Curiosity is IN a crater, a gigantic one in fact... at least it's huge to me at 96 miles in diameter. Curiosity landed near Mt. Sharp which rises approximately 18,000 feet above the crater floor. I'm not sure you're ever going to be impressed if you expect much more than landscapes... Sorry but Curiosity is not going to turn a corner and run into a Taco Bell or anything.


edit on 11-8-2012 by IamMe14 because: (no reason given)



posted on Aug, 11 2012 @ 03:21 PM
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reply to post by Soylent Green Is People
 


nanu nanu

thanks for answers human

you said

it needs to survive the extremes of space (and of mars)

the "walmart" cameras can be installed into safe robust outer body
but this is not important or interesting to talk about.

the seed question was an idea for checking if its possible to grow something in that climate, could been done in many ways for not contaminating the Mars history of plant life


but the interesting thing is the sound of Mars, is it windy there? does Mars have sounds that Earth don't have? alien sounds maybe.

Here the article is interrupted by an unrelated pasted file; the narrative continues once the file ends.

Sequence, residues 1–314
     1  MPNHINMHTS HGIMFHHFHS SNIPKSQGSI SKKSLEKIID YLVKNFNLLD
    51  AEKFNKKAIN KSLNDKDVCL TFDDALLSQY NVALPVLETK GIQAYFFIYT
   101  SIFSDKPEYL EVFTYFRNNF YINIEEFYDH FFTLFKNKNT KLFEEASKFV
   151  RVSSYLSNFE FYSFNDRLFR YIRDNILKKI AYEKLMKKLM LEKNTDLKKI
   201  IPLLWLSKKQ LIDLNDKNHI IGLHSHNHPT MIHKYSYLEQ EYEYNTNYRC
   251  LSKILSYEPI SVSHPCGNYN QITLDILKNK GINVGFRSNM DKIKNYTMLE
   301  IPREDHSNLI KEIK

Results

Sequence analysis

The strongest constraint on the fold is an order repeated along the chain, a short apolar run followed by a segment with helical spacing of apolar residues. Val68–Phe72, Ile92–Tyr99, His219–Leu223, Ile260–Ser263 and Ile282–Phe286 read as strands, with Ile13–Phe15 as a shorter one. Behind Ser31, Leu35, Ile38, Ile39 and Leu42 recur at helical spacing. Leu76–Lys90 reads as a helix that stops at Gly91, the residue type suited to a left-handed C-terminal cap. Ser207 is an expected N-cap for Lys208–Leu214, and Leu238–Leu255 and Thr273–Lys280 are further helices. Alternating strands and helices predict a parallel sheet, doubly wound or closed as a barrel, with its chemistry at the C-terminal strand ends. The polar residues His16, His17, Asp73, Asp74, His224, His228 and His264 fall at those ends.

does the rover record movies as well? is there some caves on Mars the rover could explore?
would the rover ever leave the Gale Crater and explore something else like a cave





posted on Aug, 11 2012 @ 03:31 PM
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Originally posted by MorkandMindy
is there some caves on Mars the rover could explore?
would the rover ever leave the Gale Crater and explore something else like a cave



Gale crater is larger than I think you realize. In the middle of the crater, there's a 5km tall mountain. You can see the lower foothills of it in the distance in this picture:



The long term goal of the mission is to go to that mountain, and start climbing it. Should be exciting enough, if you ask me.



posted on Aug, 11 2012 @ 03:34 PM
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reply to post by IamMe14
 


nanu nanu

I understand the distance is very far for sending high res pictures with many megabytes

the Taco Bell joke was lame
hehe

kay-o the Gale Crater is big enough for the rover to drive up and leave it and explore other things, it is possible right? how long are the rover gonna stay in the crater?


why couldn't NASA send up a dog with the rover? to cruel maybe? nah

and I would be impressed if they recorded something with sound.



posted on Aug, 11 2012 @ 03:42 PM
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reply to post by MacAnkka
 


awesome, I hope the rover finds some caves to explore when they start climbing

if they find something interesting they wouldn't share the full picture with us sheeple


but exciting anyway



posted on Aug, 11 2012 @ 03:53 PM